For the actual exercise, we will use the excellent tutorial by Michael Noll. Michael first wrote it in 2007 and has kept it up to date. The tutorial helps you install map/reduce and use it for computing the count of every word in a large text. Michael's post is pretty much right on. Things to keep in mind:
  • Make sure python 2.6 ...

Stop the Data Warehouse Creep

Have you experienced this?
  • Your data warehouse takes about 8 hours to load the cube. The cube is updated weekly; 8 hours per week is a small price to pay and everyone is happy.
  • It is missing a few data elements that another group of analysts really needs. You add those and now the cube takes 9 hours to load. No big deal.
  • Time passes, the business is doing well, the size of the data quadruples. It now takes 36 hours per week to load the cube.
  • Time passes, some of the data elements are not needed any more but it is too hard to take them out of the process — it continues to take 36 hours.
  • You add yet another group of analysts as user, a few more data elements, it now takes 44 hours per week!
  • You get the picture… the situation gets more and more precarious over time.

We hope the dam holds! 

Here's an idea from Read Write Web: 

One example … was a credit card company working to implement fraud detection functionality. A traditional SQL data warehouse is more than likely already in place, and it may work well enough but without enough granularity for ...

Sources of Noise in Big Data

Curt Monash published a trio of articles about dirty data last summer where he cited use cases for storing dirty data even when the signal-to-noise ratio is pretty low. He had this observation about the value of the data in even in cases where the signal-to-noise ratio is low:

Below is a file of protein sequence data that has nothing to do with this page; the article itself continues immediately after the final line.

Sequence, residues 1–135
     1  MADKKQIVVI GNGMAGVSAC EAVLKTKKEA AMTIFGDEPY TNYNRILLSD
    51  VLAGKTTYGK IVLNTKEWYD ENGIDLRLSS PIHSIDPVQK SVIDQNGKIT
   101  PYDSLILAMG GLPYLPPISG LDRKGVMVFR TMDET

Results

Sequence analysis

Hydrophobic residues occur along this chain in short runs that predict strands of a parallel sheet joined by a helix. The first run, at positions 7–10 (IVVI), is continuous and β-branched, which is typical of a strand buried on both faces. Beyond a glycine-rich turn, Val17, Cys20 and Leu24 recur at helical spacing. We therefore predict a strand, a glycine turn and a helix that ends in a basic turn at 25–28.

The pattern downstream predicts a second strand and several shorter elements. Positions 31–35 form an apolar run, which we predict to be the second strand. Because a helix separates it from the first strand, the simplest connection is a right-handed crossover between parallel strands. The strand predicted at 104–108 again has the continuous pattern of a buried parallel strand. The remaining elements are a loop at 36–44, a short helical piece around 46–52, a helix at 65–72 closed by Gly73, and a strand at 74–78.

Intelligence work is one case where the occasional black swan might justify gilded cages for the whole aviary; the same might go for other forms of especially paranoid security.

Big Data can be dirty and the collection process must pay attention to data quality. This is different from the type of data we are used to in your typical database, with all the focus on data integrity. The point is that even data with very low integrity has valuable nuggets of information. 

Whatever happened to data integrity? The RDBMS people mastered the art of data integrity long ago and along come these NoSQL folks who just ignore all that learning. This data is junk!

Human input is often a source of noise in the data. Big data is used for analyzing Twitter feeds, blog posts, comment forums, chat sessions and the like and text data can be ambiguous. It's context ...

Executive Briefing Promotion

We will be giving away one free ticket to the executive briefing. To be entered into the drawing for it, please let us know why you would like to attend and what you expect to get out of the briefing.

The winner will be drawn at random from the attendees and will be announced at the briefing. To be considered for the free ticket, please submit your response by February 26, 2012.

Click here to let us know.

Big Data Executive Briefing

DataThinks' Executive Briefing on Big Data, NoSQL and Data Analytics is scheduled for March 1, 2012. Signup Information below.

These are are some of the topics we intend to cover in that briefing.
  • What is Big Data and what problems does it solve? What opportunities does it present that weren't available before?
  • These terms are often seen in articles about Big Data: NoSQL, Map Reduce, Analytics, Schema-less Databases. How do they relate to each other and how do they differ?
  • What problems you are better off solving with traditional database solutions?
  • The various types of NoSQL databases and what are they each appropriate for? 
    • Key-value stores (e.g., Riak, Redis, Voldemort, Tokyo Cabinet)
    • Document stores (e.g., MongoDB, CouchDB)
    • Wide column stores (e.g., Cassandra, Hypertable)
    • Graph Databases (e.g., Neo4J)
  • Analysis and Visualization
    • What is Map / Reduce and the opportunities it presents for your business.
    • The cost / performance trade-offs  of running Map Reduce in the cloud, on Amazon EC2 or on Google, or in-house.
Any additional topics you would like to see covered? Please leave a comment.

The event is closed but corporate briefings based on this material are available. Please contact us to arrange.